-Kyle Hollandsworth

This response was created in conjunction with Tony Varallo’s Creative Writing class.

Bottles of Red

Chromogenic photograph, 40 x 47” Image courtesy of Jack Shainman Gallery, New York
UNTITLED MEMORY (SLIDE PROJECTION OF ARMAND V.) 1998 Chromogenic photograph, 40 x 47” Image courtesy of Jack Shainman Gallery, New York

Another bottle is emptied, another red stained cork is displayed in the woven basket that sits beside the vintage cellar. 730 bottles to be exact.

She doesn’t know that I can still see her dancing with him in the kitchen. The lights dimmed low, forming shadows on the wall of her gracefully dipping backwards in the arms of another man. She’s as agile as ever. More petite than I can remember. I haven’t had my arms around her waist in a while.

The worst part of it all, is that there is nothing that I can do. I wish I could scream until my voice gave out and shake my wife firmly, then drop down to the floor, on my knees begging to be seen. But I can’t. So my impotence takes over, and the numbness eases the pain. And once again, I wallow in despair.

There are many forms of grievance. Some act hysterical. Some crawl beneath walls of denial. Some develop vicious cycles of self destruction through pain killers and gin. And some are lucky. Some are like my wife, they just move on.

So I sit there in silence. Unable to be seen or heard by anyone. I sit there and watch my wife fall in love, my children get old, another bottle of red be finished. I watch time pass by before my very eyes, with not a thing to do but mournfully observe.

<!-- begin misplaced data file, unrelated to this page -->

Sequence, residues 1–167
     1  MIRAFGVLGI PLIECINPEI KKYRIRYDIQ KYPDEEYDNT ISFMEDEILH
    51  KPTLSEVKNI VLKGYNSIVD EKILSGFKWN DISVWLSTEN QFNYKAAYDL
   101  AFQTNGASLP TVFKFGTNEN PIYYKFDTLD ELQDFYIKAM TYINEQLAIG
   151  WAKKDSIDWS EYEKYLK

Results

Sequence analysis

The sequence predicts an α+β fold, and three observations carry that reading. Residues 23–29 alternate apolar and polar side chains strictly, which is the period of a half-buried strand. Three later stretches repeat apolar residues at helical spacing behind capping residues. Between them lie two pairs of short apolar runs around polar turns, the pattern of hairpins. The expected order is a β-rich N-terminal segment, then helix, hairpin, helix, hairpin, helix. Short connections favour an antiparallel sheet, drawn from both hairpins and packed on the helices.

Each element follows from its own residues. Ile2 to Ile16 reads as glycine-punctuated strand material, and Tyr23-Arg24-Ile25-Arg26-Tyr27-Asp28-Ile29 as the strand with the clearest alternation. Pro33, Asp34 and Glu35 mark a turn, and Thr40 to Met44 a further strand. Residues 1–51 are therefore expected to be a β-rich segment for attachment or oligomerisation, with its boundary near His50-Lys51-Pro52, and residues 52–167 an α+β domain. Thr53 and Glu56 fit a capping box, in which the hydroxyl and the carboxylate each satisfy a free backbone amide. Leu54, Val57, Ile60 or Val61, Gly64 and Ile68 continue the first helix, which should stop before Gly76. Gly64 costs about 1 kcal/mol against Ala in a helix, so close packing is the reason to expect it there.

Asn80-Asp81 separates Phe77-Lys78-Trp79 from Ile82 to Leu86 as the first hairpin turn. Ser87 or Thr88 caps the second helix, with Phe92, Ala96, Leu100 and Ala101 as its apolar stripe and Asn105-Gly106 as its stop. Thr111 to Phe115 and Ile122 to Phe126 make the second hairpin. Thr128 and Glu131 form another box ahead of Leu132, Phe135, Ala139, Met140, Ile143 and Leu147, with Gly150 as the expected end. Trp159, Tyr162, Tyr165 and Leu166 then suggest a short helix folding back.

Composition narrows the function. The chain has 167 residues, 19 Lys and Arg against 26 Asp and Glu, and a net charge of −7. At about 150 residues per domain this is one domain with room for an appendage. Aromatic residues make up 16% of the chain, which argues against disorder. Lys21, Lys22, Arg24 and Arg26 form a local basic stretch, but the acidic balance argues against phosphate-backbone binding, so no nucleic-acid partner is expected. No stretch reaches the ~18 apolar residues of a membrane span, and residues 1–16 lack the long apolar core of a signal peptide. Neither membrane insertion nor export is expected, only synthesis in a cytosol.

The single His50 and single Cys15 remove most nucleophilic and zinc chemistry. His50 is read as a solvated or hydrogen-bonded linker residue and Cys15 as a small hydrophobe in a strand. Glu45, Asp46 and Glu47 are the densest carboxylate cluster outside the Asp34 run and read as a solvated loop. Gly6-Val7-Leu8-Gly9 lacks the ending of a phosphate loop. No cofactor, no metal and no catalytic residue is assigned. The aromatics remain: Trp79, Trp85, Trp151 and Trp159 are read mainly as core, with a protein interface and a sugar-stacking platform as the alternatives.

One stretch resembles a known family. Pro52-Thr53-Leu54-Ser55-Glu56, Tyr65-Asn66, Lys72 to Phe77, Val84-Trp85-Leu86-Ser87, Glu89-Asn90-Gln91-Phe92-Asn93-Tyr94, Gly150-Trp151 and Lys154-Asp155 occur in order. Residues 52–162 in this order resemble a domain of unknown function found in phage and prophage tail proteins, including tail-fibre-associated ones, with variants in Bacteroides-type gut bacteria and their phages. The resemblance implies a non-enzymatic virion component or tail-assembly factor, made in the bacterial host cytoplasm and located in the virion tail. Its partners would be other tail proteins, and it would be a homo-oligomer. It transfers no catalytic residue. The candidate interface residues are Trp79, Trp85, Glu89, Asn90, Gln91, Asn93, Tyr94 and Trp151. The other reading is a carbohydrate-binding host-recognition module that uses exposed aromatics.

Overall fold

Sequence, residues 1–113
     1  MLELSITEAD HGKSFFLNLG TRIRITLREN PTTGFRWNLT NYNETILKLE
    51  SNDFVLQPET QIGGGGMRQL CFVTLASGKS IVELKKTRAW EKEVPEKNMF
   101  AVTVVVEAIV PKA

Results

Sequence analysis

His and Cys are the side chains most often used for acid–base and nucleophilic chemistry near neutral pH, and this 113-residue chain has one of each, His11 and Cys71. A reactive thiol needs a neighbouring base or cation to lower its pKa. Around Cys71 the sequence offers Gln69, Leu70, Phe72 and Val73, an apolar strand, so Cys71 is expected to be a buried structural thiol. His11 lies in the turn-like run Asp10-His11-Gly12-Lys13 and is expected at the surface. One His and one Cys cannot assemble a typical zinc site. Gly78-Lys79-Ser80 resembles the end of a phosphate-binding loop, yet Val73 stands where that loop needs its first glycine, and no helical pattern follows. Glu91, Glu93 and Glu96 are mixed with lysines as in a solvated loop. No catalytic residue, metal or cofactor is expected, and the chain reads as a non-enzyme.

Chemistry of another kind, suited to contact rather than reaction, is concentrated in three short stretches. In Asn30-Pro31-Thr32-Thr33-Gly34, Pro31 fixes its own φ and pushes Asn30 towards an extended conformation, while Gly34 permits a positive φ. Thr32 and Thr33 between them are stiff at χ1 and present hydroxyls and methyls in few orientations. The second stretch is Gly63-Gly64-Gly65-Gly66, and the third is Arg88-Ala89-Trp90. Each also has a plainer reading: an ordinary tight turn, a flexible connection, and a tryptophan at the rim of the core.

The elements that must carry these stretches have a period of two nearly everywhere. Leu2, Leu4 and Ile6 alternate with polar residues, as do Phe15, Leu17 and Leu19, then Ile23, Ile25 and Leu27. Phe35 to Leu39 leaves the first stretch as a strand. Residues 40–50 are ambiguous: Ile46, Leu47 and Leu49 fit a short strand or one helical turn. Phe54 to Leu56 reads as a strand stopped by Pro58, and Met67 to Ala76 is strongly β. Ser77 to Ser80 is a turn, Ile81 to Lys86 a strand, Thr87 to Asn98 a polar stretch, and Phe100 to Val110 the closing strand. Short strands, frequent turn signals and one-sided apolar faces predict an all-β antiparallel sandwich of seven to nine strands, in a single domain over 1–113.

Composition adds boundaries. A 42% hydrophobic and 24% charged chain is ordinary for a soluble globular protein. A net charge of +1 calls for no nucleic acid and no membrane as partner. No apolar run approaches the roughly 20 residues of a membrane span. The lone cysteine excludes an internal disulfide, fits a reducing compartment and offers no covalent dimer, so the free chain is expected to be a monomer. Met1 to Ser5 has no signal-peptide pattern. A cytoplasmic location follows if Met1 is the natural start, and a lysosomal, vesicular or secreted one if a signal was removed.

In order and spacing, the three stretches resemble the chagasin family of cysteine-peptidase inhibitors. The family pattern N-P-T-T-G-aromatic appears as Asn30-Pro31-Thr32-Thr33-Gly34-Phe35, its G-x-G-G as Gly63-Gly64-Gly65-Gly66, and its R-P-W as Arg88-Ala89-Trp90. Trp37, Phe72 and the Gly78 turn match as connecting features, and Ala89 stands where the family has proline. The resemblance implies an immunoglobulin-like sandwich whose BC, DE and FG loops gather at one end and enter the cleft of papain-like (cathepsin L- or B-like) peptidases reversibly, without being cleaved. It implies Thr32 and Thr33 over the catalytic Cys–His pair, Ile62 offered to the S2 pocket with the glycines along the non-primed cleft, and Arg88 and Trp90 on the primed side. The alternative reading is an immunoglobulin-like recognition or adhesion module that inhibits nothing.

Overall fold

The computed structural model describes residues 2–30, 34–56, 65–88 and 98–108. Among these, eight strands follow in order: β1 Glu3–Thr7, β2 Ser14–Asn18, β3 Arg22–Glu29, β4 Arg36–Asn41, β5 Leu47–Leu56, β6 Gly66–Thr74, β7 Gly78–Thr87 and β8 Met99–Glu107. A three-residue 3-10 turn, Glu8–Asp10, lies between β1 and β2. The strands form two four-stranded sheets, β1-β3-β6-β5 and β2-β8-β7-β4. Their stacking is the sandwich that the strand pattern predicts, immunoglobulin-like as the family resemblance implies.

It’s interesting how time is merely nothing more than an idea. A social construct developed to conceptualize the length of a period. The length of a party. The length of a nap. The length of a life. And yet we assume time to be this viciously evil monster that is out to get us. An external force that we are constantly battling, as we race against the clock. But time has no enemy. It has no rhyme or reason or preference. Time does not decide who’s love should be eternal and who’s heart will be broken. It does not arbitrate your level of expertise in your job and it most certainly does not determine the worth of one’s life. So why do we give time this much power? Why not just count days in bottles of red? 730 to be exact. One a day, 52 a week, 365 a year. And if I can’t escape time or reverse it’s story, then it’s as useful as a finished Cabernet. So for that I am like the bottle, empty and desolate, a thing of the past.

-Kristin Gallagher

This response was created in conjunction with Tony Varallo’s Creative Writing class.

Dis/placements Response: Fahamu Pecou's grav·i·ty